I have attached a set of photos on the carving of the karnakoodu. This sits on the vylan vari. It is a smaller version of the capstone . There are 12 in numbers.
You can see the how detail the silpis have carved. There is no vacant space at all. Full of intricate carvings. It will be the only temple in the world where such hand carvings is in progress and possibly the last such temple too because the skill for this hand work may be lost in the next generation in India.
Mamalapuram near Chennai is the main place in India where one goes to get a temple carved and a statue made. It was 90% handmade with 10% machines until 1980.
Today all stone carving are only 5% handmade and 95% machine cut. You would be surprised — when the power supply goes off, they stop their work!!!
Carving by hand has become extinct. Only Gurudeva has revived this dying tradition. You pay out more and have to wait for years. No one has the patience of Gurudeva and Bodhinatha.
Here we see the karnakoodu with the kalasam. How beautiful it looks. It is just one side completed and another 3 sides to go. We have another 11 such karnakoodus to carve in the weeks ahead.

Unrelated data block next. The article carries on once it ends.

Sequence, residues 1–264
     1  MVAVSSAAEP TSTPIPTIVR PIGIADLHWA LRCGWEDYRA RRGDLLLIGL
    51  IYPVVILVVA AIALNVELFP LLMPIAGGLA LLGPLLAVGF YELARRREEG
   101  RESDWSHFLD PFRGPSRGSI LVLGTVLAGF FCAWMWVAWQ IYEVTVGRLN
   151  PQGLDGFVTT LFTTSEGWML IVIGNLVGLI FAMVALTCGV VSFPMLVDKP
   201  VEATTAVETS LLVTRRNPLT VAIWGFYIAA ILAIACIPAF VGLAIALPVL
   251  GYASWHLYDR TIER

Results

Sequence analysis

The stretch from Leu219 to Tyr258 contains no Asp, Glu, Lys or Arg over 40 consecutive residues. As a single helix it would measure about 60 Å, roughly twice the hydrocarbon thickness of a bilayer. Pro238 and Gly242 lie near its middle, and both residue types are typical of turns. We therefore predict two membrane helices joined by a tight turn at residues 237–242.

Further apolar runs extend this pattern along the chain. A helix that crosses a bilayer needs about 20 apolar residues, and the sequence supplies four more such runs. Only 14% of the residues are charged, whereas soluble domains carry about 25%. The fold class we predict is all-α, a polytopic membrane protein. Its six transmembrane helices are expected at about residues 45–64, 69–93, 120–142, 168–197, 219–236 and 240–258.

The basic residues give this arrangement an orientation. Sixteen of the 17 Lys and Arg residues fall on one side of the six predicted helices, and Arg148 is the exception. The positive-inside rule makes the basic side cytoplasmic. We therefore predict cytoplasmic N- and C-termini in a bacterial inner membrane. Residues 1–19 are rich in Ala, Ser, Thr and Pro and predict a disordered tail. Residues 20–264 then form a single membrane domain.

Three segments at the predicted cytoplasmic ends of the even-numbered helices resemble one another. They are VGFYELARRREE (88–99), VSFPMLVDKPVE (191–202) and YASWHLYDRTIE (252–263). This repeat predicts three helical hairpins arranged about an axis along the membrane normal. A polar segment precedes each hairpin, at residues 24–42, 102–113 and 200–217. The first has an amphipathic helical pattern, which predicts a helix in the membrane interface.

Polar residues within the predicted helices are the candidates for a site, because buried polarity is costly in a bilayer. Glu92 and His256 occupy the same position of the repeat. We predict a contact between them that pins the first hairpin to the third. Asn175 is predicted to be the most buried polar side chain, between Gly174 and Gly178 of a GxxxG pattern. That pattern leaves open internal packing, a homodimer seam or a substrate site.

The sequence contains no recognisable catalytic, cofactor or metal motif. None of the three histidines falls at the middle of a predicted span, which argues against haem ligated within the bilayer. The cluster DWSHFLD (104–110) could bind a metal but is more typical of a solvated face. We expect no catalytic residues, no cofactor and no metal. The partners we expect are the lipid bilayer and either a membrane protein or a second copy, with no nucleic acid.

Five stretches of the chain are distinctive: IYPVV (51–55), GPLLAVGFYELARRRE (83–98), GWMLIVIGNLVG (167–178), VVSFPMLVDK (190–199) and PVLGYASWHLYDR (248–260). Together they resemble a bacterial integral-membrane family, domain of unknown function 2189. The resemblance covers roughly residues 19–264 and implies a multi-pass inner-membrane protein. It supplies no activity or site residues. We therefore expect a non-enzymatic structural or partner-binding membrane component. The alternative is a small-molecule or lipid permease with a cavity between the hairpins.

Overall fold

Here we see the 12 kalasams already carved. It takes about 5 days to carve one kalasam because it is only about 4 inches in height. Just imagine a silpi holding a hammer in one hand and a chisel in the other hand trying to carve this tiny piece.
For our "Great Departure" we prefer to be at home in a religious, uplifting environment, in a clear minded high state of consciousness, having resolved all differences and fulfilled all obligations. There is nothing to fear: "Death is a blissful, light filled transition." We then get settled in the inner worlds with like-minded people of similar religious beliefs.